A Mistaken Argument for Relativism

14 September 2006 at 9:03 am 2 comments

| David Gordon |

A very popular argument among postmodernists and other inhabitants of the Kingdom of Epistemological Darkness goes like this: We see things only from our own perspective, and we can never grasp the truth as it is in itself. All observation is “theory-laden”.

Of course we see things from a point of view, but it doesn’t follow from this that we are not making an objectively true judgment about what we see. I’m now, for example, looking at a computer screen in normal light. Is there any reason to think that the computer screen isn’t really there, or that my view of the screen is distorted? In the absence of reason to think otherwise, it is entirely rational for me to accept my common sense belief that I am viewing a real screen. The argument from perspective mistakenly assumes that the “real” object exists at no point of view at all. As Jim Sadowsky puts it, the claim is that because we have eyes, we can’t see.

In like fashion, the argument that  observation is theory-laden assumes that our theories block access to the world as it really exists. But some of our theories, at least, are true, and known to be true. The argument for relativism relies on an equivocation in the meaning of “theory”. In one sense, a theory is a speculative belief that is not known to be true. We can, in this sense, speak of the theory that intelligent life exists on other planets than Earth in our galaxy. Maybe it does, and maybe it doesn’t; we don’t know. In another sense of the word, a theory is a statement that goes beyond a “pure observation statement”, if such a thing exists. In this sense, perfectly obvious claims, e.g., elephants weigh more than sociologists, count as theoretical statements. To say that a statement is theory-laden, in this second sense, gives us no reason whatever to doubt its truth.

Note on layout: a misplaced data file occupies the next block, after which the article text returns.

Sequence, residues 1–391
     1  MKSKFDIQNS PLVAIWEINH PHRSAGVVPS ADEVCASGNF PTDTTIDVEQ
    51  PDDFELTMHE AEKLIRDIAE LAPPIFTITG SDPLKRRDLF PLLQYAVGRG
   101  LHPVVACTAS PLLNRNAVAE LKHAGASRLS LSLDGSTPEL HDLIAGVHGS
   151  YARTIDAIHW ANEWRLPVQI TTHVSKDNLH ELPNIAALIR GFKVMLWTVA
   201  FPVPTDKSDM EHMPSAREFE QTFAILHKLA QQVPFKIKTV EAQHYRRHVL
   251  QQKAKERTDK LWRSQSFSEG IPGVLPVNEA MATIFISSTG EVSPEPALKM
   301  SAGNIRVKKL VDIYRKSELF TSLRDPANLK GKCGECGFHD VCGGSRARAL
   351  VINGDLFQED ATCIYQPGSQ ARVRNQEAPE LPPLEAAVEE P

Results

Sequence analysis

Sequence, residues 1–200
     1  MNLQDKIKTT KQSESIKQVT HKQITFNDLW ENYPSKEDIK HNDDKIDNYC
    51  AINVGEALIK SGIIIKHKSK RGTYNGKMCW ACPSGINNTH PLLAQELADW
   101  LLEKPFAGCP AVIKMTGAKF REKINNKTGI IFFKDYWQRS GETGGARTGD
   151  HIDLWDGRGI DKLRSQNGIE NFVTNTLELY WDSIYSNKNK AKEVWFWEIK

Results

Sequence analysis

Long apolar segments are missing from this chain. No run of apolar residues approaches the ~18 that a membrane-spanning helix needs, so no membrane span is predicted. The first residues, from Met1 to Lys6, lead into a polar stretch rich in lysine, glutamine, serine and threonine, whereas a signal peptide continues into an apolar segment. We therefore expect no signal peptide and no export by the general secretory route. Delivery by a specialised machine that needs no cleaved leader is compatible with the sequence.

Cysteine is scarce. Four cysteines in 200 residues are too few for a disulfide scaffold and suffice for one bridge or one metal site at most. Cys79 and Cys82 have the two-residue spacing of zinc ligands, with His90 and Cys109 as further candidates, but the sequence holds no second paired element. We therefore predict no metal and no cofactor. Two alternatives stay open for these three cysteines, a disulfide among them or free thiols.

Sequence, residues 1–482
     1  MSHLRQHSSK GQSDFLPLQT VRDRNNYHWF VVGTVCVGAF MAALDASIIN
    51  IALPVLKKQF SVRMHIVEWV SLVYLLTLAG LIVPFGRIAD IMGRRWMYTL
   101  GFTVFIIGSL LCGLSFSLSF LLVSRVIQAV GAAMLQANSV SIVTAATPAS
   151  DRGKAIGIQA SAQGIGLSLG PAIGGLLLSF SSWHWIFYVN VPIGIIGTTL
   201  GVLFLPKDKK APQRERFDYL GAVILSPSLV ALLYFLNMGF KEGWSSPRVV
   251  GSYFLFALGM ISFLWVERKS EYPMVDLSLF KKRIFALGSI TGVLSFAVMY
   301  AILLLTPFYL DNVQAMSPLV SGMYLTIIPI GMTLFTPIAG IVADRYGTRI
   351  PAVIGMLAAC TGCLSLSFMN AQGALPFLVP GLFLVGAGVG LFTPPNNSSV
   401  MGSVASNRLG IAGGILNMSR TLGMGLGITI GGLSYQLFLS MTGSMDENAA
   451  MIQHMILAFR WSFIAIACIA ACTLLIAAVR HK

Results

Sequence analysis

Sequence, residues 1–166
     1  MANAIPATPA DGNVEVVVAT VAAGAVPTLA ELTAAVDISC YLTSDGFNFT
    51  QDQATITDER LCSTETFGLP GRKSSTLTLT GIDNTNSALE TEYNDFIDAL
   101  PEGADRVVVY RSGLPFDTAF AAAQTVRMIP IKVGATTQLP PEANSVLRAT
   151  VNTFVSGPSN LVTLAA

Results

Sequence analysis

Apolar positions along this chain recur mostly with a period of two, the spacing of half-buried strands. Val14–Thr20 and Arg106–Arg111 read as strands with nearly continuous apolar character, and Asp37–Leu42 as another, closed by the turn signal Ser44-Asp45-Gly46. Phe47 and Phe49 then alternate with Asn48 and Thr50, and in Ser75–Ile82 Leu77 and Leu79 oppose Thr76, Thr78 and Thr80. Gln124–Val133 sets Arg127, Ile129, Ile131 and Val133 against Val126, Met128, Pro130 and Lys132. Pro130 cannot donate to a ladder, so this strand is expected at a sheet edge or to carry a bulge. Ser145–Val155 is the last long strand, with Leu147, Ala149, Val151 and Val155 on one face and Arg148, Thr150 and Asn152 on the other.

Entry filed under: Uncategorized.

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2 Comments Add your own

  • 1. Nicolai Foss  |  14 September 2006 at 9:28 am

    Excellent post! A couple of classic lines there: “the Kingdom of Epistemological Darkness”. “Elephants weigh more than sociologists” (now, there is something for Omar to think about!).

  • 2. Filter  |  14 September 2006 at 10:15 am

    I like to see postmodernism be called “Kingdom of Epistemological Darkness” but I think the post treats it unfairly. The postmodernism point is not “because we have eyes, we can’t see” but “you don’t see, your eyes do”.

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